Dangerous and precarious work environment
Despite recent changes in Haiti’s media freedom laws, journalists suffer from a cruel lack of financial resources, an absence of institutional support and difficulty in accessing information. And some continue to be the victims of intimidation or physical violence, especially while covering protests. A series of natural disasters in recent years have inflicted a great deal of damage on the impoverished country’s already extremely limited infrastructure. The privately-owned media, which are heavily influenced by the interests of their owners, tend to censor themselves. Journalists would be exposed to heavy penalties under a proposed defamation law that was approved by the senate in 2017. Haiti’s vulnerable journalists have often been targeted by protesters during the waves of sometimes violent mass protests held since 2018 with the aim of bringing down President Jovenel Moïse, who has been implicated in corruption. The country was shocked by journalist Néhémie Joseph’s murder in 2019 and photojournalist Vladjimir Legagneur’s disappearance in 2018 while reporting in one of the capital’s more dangerous neighbourhoods.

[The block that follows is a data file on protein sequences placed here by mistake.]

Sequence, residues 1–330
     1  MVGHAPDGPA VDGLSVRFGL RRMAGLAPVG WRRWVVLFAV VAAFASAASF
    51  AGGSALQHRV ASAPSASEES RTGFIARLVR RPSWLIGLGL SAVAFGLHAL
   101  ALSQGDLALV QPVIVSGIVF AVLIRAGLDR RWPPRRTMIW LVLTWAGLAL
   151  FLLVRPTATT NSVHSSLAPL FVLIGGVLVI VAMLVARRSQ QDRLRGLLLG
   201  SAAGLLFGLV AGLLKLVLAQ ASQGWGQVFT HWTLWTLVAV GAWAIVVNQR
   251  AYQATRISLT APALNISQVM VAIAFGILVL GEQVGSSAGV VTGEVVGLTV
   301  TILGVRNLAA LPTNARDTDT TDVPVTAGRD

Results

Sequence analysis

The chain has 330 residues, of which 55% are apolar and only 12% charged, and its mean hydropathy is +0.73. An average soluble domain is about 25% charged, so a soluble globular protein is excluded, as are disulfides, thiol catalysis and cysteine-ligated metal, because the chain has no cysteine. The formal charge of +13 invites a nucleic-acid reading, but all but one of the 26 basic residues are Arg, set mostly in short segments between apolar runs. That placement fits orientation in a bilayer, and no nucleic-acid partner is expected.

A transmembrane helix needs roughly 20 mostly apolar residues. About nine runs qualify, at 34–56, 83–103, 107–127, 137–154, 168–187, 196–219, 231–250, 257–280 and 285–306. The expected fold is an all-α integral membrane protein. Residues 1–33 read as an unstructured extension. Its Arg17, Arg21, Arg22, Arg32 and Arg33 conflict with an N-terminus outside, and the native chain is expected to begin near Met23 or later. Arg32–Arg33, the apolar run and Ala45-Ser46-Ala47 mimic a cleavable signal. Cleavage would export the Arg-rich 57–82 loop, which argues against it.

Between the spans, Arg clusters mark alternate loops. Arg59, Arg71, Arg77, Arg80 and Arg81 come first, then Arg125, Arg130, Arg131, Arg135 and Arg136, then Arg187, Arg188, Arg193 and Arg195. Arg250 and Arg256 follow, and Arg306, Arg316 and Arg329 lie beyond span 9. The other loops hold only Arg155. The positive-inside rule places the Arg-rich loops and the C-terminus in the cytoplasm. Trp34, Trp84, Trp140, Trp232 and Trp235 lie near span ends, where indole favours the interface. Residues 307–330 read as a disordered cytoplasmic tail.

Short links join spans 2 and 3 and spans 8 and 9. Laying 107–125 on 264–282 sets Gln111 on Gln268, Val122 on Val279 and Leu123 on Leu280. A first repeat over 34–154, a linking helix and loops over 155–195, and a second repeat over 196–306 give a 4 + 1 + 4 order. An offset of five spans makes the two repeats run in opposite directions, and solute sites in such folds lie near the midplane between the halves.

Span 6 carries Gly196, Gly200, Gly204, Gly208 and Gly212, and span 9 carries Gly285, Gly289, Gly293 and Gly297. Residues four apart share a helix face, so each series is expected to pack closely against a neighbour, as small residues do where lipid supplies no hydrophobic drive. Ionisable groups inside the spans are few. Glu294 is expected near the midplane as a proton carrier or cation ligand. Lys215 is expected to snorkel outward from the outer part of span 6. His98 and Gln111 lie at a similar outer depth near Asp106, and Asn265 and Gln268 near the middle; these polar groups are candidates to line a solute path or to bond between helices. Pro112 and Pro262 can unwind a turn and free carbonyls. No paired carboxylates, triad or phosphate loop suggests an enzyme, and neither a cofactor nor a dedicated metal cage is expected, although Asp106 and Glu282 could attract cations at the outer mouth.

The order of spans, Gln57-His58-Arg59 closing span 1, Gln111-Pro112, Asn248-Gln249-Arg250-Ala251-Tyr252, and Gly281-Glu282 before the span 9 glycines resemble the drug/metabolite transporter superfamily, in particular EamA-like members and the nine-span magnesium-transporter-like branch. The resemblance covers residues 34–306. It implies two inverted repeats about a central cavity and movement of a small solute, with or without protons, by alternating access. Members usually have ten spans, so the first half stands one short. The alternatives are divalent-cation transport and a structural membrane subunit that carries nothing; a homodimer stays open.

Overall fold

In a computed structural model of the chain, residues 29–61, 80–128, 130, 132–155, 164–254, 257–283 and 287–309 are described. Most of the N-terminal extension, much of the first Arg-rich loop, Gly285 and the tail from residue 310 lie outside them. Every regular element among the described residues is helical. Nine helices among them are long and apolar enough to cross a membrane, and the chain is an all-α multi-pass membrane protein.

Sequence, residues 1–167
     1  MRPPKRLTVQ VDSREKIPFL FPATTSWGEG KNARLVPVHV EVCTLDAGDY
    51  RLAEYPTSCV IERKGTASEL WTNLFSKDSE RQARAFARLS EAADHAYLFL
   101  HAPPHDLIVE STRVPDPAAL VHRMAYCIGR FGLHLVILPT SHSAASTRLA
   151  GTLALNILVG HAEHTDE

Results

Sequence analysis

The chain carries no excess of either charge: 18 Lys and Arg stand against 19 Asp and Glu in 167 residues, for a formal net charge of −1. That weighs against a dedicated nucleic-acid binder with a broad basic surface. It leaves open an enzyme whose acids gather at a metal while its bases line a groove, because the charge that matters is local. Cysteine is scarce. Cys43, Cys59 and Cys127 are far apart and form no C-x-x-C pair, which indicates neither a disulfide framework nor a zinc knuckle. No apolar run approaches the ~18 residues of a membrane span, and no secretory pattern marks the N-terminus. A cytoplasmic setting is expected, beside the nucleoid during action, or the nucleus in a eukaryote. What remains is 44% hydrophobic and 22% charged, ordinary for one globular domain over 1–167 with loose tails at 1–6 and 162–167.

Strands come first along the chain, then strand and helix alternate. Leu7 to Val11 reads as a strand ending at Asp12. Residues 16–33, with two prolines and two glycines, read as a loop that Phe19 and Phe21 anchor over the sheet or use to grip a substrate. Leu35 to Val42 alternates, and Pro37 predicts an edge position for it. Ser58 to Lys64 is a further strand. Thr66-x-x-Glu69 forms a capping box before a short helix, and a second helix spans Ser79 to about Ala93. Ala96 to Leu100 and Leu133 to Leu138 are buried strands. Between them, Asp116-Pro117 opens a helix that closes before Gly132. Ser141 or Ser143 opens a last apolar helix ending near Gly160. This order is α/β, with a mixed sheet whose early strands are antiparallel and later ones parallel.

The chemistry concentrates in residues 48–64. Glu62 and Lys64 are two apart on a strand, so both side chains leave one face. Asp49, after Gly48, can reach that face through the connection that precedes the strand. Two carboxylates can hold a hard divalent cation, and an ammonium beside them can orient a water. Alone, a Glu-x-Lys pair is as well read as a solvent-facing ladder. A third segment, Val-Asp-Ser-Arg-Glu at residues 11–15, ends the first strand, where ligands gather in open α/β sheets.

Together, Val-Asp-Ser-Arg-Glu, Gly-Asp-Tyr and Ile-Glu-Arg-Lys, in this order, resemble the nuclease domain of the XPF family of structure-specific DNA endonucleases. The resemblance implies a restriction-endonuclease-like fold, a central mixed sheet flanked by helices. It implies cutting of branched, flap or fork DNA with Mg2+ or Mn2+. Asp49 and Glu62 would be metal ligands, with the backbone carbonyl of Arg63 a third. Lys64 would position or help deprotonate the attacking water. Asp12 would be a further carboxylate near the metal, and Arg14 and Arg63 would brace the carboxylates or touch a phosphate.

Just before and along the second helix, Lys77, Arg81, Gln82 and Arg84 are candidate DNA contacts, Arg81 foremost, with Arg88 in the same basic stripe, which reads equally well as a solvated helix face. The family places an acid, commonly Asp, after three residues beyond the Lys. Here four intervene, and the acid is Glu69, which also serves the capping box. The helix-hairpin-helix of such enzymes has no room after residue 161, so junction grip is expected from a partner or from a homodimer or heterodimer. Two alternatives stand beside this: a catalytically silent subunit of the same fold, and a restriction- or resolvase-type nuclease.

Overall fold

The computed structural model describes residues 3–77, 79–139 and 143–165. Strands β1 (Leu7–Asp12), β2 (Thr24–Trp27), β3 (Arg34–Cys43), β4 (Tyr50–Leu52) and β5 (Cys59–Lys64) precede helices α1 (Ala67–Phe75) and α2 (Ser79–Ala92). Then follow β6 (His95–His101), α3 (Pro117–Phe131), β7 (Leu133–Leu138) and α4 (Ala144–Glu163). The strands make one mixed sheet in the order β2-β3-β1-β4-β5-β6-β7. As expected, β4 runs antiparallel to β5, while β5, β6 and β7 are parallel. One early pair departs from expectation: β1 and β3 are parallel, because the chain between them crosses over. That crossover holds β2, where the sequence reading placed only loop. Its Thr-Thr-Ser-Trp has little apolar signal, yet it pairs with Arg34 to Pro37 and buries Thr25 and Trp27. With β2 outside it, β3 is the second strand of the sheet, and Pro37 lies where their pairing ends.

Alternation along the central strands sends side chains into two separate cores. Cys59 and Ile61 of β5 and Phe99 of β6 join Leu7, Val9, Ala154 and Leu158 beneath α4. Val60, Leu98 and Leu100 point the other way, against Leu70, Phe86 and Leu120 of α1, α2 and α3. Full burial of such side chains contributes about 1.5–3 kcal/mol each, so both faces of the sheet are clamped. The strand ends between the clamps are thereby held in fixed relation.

62 in 2019
29 in 2019